Doane spends the initial chapters of her book analyzing “interdisciplinary epistemologies of contingency” which she suggests paved the way for the emergence of cinematic time. For example, in Chapter 2 she investigates issues of storage and legibility, continuity and discontinuity, in relation to Freud’s development of psychoanalysis, and Etienne-Jules Marey’s still photographic studies of physiology in motion. Then in Chapter 3 she relates the concept of the temporal trace as evidenced by the afterimage and the resulting ‘persistence of vision’ originally thought to be the basis for the cinema’s illusion of motion. Almost as the afterimage’s “semiotic equivalent,” the index in Charles Sanders Pierce’s theory of signs is also discussed in relation to the temporal trace, particularly as evidence of the contingency and discontinuity of the present instant, which had been archived for all to see in the new medium of photography. For Doane the long take in cinema, first made public at the turn of the 20th century in the Lumiere’s and others ‘actualities,’ is always in the present tense and incarnates “the meaninglessness of a lived reality(105).” Quoting Pasolini’s essay on the long take, she concurs that it is the cut which terminates this contingency and turns the present into a stabilized past. In Chapter 4, in another interdisciplinary flourish, Doane invokes physics to illustrate the deep connection cinematic time had with emerging epistemologies of contingency – in particular thermodynamics, a response to the importance of the engine in modernity. The author shows how its second law, regarding the phenomenon of entropy, mandated temporal irreversibility, and cites the cinematic apparatus as the ultimate model of the irreversibility of time.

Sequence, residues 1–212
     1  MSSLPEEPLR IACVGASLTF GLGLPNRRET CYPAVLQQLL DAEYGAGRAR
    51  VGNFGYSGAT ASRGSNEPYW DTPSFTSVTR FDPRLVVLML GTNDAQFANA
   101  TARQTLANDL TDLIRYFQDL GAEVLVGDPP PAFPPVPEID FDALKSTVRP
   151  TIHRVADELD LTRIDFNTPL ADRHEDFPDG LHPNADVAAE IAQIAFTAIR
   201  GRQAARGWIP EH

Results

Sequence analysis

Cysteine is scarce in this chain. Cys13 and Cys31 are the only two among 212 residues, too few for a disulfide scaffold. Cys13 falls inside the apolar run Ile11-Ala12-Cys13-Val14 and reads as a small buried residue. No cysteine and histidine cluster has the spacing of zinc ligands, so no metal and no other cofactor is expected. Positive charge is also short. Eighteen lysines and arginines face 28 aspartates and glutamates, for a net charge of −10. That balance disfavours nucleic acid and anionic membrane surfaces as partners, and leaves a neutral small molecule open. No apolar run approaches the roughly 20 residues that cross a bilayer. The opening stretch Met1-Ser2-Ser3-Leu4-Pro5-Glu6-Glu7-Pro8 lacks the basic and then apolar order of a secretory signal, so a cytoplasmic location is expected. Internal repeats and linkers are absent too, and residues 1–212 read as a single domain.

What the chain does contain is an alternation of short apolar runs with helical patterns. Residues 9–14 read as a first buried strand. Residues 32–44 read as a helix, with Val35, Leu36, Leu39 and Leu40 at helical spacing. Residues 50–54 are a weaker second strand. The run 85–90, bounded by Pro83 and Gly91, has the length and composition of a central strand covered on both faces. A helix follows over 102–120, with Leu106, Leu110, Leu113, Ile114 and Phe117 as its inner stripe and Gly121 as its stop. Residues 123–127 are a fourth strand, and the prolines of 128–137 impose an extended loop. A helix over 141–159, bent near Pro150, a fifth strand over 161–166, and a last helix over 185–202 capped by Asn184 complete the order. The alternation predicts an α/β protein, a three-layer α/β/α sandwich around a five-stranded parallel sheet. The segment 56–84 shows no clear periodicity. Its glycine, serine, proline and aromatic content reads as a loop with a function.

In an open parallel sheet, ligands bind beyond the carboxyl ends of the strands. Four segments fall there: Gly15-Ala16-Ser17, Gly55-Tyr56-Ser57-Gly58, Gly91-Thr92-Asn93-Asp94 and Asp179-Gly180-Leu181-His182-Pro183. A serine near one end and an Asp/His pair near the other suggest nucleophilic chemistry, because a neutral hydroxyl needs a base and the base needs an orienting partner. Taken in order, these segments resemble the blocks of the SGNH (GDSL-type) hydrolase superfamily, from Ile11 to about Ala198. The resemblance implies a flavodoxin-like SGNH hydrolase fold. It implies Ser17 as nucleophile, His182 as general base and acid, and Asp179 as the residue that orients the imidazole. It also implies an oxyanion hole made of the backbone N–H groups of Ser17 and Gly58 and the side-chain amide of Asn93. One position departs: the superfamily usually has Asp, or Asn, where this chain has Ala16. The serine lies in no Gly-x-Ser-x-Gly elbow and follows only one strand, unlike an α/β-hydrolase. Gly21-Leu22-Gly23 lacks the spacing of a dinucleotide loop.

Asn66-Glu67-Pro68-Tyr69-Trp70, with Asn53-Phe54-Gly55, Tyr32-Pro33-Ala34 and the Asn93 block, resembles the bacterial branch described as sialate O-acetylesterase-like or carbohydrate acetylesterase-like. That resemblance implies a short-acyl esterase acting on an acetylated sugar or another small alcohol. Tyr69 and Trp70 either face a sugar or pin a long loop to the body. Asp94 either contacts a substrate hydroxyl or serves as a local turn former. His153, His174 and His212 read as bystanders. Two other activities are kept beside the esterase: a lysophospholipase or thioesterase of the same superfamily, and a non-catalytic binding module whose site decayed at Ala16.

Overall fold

The middle section of the book examines how theories dealing with contingencies discussed earlier were reflected in emerging cinematic representational strategies, and how this evolved into both an articulation of contingency and its systemization. Focusing on the filmic construction of the event, in Chapter 5 Doane closely examines two actualities of the period, Electrocuting an Elephant (Edison, 1903) and Execution of Czolgosz, with Panorama of Auburn Prison (Porter/Edison, 1901,) which despite their referentiality demonstrate what she considers the instability of film’s proclivity to inscribe raw duration. The problem with contingency in an era of temporal rationalization is that “it everywhere poses the threat of an evacuation of meaning. The concept of the event provides a limit – not everything is equally filmable–and reinvests the contingent with significance (144).” Then in Chapter 6, “Zeno’s Paradox: The Emergence of Cinematic Time,” the ontological focus shifts to debates about continuity and discontinuity in the cinema, referencing the intermittent motion of still frames in the illusion of movement, and outlining corroborations and refutations of Zeno’s claim that movement doesn’t really exist (owing to the infinite divisibility of time’s arrow.) Doane elegantly incorporates the cinematic apparatus into her argument:
The dialectic of continuity and discontinuity, so crucial to theorists like Bergson or Pierce, operates in the cinema on two levels: in the gap between frames, which is effaced in the production of the illusion of movement, and in the cut, which is also often concealed through techniques of continuity editing. (29) In regards to editing, she points out that for cultural theorists like Walter Benjamin and Siegfried Kracauer, the cut was “the incarnation of temporality in film, and it constituted the formal response to the restructuring of time in modernity (184).” This is why, as she claims, “The cinema (became) a Freudian time machine rather than a pure promise of an indexical link to the referent (224).”